I suppose I should respect what Bob Packwood has to say about passing major legislation, given he was a big player in the Senate for a long time before his personal improprieties brought him down. But I couldn’t help but roll my eyes at his prescription for a bipartisan tax bill:
First, is the president willing to get behind any bill that might pass Congress on a bipartisan basis? He must be on board ahead of time. If his position is that the bill must raise revenue and Congress’s position is that it must not raise revenue, forget it. Work instead on the Keystone XL pipeline, defeating the Islamic State, achieving Middle East peace and other issues that might find bipartisan congressional and presidential support.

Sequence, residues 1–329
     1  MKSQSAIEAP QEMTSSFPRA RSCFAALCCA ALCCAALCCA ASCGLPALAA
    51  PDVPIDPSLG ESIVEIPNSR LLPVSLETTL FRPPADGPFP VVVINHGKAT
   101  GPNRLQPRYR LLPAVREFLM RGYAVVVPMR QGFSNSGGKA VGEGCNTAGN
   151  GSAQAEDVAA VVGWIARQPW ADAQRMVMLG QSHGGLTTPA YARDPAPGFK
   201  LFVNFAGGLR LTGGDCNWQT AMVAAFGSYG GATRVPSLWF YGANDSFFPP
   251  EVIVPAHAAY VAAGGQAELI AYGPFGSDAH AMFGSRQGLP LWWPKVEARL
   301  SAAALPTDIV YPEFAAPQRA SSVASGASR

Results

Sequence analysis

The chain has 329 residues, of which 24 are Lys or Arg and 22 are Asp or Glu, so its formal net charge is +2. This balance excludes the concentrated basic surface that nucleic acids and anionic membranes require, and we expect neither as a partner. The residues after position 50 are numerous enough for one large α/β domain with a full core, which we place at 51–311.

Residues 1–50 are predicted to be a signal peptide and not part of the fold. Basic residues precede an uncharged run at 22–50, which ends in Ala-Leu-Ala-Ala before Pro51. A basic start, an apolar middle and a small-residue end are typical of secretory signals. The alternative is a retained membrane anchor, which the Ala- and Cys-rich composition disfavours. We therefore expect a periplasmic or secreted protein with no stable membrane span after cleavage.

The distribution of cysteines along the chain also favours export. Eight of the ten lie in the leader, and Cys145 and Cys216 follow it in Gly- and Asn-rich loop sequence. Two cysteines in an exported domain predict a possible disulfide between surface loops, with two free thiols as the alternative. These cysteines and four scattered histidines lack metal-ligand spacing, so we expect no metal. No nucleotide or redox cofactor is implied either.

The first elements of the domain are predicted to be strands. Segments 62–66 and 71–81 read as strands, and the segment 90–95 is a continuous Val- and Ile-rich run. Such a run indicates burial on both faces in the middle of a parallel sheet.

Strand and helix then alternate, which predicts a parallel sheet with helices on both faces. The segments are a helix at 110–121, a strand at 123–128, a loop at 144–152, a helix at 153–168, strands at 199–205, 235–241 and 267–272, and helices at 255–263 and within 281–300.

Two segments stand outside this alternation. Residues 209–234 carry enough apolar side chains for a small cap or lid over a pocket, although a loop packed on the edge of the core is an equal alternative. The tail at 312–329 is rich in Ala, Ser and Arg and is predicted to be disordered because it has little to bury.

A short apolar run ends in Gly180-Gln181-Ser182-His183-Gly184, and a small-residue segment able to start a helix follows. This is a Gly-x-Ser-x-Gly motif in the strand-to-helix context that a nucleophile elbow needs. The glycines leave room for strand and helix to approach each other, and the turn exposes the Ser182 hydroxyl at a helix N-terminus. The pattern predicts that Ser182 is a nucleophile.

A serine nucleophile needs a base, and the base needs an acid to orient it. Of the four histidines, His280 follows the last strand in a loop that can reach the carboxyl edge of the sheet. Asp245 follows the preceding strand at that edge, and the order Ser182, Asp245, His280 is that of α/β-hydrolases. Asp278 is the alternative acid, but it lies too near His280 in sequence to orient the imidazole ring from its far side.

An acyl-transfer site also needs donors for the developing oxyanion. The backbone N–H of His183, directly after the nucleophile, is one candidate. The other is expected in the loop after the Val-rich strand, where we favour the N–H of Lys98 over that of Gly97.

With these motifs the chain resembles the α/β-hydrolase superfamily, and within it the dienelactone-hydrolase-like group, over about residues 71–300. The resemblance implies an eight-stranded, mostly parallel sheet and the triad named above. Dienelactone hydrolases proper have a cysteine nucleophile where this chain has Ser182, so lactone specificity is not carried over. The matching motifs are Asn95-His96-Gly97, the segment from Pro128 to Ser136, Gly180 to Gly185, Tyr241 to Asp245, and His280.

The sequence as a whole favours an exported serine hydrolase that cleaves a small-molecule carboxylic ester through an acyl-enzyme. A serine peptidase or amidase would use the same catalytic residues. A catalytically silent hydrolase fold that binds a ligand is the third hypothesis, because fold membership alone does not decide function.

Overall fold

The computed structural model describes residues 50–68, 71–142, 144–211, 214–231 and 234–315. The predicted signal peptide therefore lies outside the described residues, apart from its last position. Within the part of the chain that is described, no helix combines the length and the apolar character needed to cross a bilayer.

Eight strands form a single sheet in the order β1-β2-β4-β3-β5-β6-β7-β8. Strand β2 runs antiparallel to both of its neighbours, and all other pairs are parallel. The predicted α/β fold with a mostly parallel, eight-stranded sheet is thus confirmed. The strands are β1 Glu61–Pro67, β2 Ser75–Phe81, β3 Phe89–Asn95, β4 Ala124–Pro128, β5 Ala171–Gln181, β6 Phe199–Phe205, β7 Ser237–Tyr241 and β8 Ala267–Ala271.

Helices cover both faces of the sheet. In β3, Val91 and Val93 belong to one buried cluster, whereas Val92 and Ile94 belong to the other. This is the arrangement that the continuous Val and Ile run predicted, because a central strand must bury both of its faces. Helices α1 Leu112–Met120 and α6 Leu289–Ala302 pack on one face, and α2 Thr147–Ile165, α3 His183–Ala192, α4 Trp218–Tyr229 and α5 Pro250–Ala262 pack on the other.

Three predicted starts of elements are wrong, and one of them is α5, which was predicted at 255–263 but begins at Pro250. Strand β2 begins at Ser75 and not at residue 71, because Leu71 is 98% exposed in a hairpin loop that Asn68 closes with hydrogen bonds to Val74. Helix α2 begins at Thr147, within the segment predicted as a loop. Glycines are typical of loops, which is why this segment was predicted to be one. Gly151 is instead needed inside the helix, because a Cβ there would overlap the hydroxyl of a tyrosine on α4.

Next, pick a small cadre, and start working on a bill.
Then, don’t dither. Get at it quickly, and finish it quickly.
And do it secretly. When the secret meetings are over, spring the bill full-blown.
Finally, make sure the bill has grandeur. Small steps will not stir mankind. Giant ones will.
Will the president lead with leadership? Will this bill stir mankind? What does that even mean in this context? I think one can safely say Packwood struggles to understand the present dynamics of U.S. politics, especially the relationship between the Senate and President Obama.